Guinea: screening for Ebola at Conakry International Airport

October 2014

Before getting to the airline check-in counters of the Conakry International Airport, Mr Dominique Ba, a Guinean hotel industry professional travelling to Morocco on official business, had to fill in a questionnaire about symptoms of Ebola virus disease and possible contacts with Ebola patients. He considered it no trouble.

Screening of passengers for Ebola at Conakry International Airport, Guinea, 2014
WHO/C. Black

“I fully support these surveillance measures. Ebola is a frightening disease, and if we don’t want to become isolated by other countries, we need to start stopping it here,” he says. Mr Ba’s temperature was taken twice and, just before boarding the plane, it was to be taken again.

Only passengers whose body temperature is less than 38 degrees Celsius are permitted to enter a departing aircraft.

Stopping the international spread

WHO and its partners have recommended exit screening at airports and land-border crossings in countries affected by Ebola, and it is now an established practice. WHO stresses that only 2 categories of people should not travel: those who are infected and those identified as their close contacts as they may be infected with Ebola virus. Since not every traveller from an Ebola-affected country is aware of having been exposed to the disease, completion of a screening questionnaire and testing for the presence of fever represent the best available indicators of risk.

Spread of the disease through international travel has, to date, been minimal, and airport exit screening could have prevented at least 1 case. A man who travelled from Monrovia, Liberia to Lagos, Nigeria on 20 July was visibly ill. On arrival he was transported immediately to a health facility.

"I fully support these surveillance measures. Ebola is a frightening disease, and if we don’t want to become isolated by other countries, we need to start stopping it here."

Mr Dominique Ba, a Guinean hotel industry professional

The worst possible scenario became a reality: an Ebola-infected person travelled by air starting a new transmission chain in another country. Since then, Nigeria has registered 20 cases of Ebola and 8 deaths. The Nigerian government had to use its resources to trace and monitor the health of close to 700 contacts.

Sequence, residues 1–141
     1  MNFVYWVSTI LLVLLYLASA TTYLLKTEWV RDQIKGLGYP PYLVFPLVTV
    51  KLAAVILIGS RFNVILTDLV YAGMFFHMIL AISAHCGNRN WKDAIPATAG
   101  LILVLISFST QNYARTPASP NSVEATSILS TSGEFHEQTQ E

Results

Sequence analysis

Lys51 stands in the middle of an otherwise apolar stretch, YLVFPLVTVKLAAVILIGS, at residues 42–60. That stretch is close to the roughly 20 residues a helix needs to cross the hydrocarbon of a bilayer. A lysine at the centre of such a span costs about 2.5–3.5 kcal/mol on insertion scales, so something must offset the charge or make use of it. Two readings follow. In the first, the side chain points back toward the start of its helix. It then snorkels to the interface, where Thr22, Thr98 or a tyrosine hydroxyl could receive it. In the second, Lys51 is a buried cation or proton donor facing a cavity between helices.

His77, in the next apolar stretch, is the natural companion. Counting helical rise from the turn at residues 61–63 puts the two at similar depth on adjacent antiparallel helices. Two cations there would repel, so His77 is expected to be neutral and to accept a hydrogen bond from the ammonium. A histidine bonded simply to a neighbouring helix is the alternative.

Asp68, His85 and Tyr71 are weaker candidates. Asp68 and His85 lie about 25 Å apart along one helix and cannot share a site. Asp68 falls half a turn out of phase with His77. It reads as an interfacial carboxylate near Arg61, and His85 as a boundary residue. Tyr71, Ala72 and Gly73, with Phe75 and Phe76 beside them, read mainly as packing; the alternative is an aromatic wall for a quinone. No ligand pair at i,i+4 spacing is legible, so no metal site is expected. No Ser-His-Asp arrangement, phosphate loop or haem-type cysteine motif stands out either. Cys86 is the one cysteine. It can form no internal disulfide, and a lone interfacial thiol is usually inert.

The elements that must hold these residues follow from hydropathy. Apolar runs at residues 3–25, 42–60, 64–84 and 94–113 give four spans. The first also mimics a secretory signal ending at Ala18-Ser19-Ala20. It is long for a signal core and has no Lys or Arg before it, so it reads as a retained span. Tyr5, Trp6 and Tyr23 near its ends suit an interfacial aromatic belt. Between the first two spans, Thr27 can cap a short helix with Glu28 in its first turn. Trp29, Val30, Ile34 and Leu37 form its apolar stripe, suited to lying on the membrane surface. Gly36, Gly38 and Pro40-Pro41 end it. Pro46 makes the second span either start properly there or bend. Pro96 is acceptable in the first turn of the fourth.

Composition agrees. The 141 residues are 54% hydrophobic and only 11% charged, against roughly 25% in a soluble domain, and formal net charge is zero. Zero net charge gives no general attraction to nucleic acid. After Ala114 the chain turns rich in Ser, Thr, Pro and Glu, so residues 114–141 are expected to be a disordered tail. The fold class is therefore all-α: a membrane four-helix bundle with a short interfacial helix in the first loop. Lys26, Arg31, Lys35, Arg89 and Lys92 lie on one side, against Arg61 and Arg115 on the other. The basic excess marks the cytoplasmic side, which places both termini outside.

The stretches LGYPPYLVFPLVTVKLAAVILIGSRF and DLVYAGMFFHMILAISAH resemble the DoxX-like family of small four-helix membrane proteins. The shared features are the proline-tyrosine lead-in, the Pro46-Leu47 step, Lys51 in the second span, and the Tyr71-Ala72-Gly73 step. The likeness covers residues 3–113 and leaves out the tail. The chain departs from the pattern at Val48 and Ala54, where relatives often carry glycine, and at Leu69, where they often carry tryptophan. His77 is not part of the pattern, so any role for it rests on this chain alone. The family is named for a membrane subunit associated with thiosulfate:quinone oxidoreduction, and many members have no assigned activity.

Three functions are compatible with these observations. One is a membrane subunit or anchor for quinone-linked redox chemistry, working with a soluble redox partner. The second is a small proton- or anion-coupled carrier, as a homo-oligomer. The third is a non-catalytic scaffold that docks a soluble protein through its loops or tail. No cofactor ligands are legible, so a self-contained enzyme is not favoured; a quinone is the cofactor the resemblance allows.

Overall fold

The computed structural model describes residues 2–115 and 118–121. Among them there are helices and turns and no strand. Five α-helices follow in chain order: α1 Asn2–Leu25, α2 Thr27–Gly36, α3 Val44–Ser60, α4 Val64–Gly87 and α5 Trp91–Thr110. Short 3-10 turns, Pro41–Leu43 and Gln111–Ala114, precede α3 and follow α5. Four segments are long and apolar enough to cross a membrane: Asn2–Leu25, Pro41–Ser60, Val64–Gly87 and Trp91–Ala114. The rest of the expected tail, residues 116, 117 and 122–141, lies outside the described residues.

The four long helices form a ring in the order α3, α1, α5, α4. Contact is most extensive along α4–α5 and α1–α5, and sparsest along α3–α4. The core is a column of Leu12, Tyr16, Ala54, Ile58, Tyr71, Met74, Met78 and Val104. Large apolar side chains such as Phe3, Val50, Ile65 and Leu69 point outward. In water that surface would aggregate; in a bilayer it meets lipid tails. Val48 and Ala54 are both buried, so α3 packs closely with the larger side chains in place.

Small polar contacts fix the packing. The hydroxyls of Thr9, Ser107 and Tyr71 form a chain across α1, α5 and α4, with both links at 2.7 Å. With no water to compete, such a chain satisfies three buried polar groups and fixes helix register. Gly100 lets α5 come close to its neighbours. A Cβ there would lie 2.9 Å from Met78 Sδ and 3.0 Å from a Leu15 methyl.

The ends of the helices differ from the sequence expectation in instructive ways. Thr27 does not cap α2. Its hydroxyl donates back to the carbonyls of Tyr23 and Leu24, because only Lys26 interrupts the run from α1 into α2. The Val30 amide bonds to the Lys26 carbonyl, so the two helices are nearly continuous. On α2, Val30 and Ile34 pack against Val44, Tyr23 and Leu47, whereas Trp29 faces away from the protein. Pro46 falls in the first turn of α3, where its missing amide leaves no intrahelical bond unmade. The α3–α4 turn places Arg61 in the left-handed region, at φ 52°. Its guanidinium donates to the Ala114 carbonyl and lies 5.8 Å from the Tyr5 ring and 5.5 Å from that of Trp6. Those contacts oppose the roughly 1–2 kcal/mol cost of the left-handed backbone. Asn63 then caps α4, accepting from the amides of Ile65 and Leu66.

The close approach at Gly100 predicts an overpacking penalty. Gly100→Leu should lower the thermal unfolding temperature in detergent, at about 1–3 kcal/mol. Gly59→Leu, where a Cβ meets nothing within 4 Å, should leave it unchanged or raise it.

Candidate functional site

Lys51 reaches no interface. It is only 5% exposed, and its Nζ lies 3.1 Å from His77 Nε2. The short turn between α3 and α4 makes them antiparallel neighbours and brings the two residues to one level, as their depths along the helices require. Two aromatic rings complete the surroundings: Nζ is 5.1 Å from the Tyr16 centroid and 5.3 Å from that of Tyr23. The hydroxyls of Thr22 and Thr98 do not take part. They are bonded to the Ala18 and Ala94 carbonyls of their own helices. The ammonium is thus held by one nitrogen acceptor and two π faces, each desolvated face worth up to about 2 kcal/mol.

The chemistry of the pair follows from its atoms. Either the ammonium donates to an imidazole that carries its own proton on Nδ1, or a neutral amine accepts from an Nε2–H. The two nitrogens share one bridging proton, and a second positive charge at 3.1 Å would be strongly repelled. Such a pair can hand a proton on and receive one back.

Exit screening clearly cannot be 100% effective for preventing international transmission. In late September, a Liberian citizen travelled to Dallas, Texas from Monrovia. He did not have a fever or become ill until after arrival, which meant that he could not transmit the infection during air travel. However, this event has drawn attention to the need for all countries to be alert and prepared to deal with introduced cases of Ebola.

Keeping the borders open

The Ebola outbreak has prompted a number of carriers to suspend flights to affected countries including Guinea. “From 57 international flights arriving weekly to Conakry before the outbreak we are now down to 17,” says Elisabeth Harton, Public Health Advisor with the United States Centers for Disease Control and Prevention (CDC), who is currently serving as Team Leader for Airport and Land Border Screening.

WHO has called on countries not to impose travel restrictions on affected countries and is actively working with relevant international organizations and airlines to facilitate a clearer understanding of the situation and restore suspended flights. Exit screening is a key measure to establish confidence among carriers that crews will be safe during flights. Airline crew and airport staff worldwide are also being trained in handling suspected Ebola patients using WHO-developed guidance.

Screening of passengers for Ebola at Conakry International Airport, Guinea, 2014
WHO/C. Black

The Conakry example

Around 3000 people are screened weekly at the Conakry airport entrance including passengers and airport staff.

Exit screening was initially organized by WHO, Guinea’s ministries of health and transportation, airport management and locally active airline companies. Since early August 2014, the CDC has been training screeners and general airport staff. WHO has provided the personnel with protective equipment and cash incentives for screeners.

Eighteen medical students are involved in leading the operation; “I am learning a lot, especially in the area of infection control and prevention as well as about the Ebola response,” says fifth-year medical student Patrice Loua. All airport staff are screened at the entrance before starting work each day and are also trained in disinfection and the use of personal protective equipment.

In Conakry, 5 to 10 people are prevented from flying each week because of elevated body temperature. They are examined at the airport by a doctor and if necessary are sent to the city’s main hospital for testing. The airline companies and airport authorities are committed to issuing them with another ticket free of additional charge once they have been cleared to travel.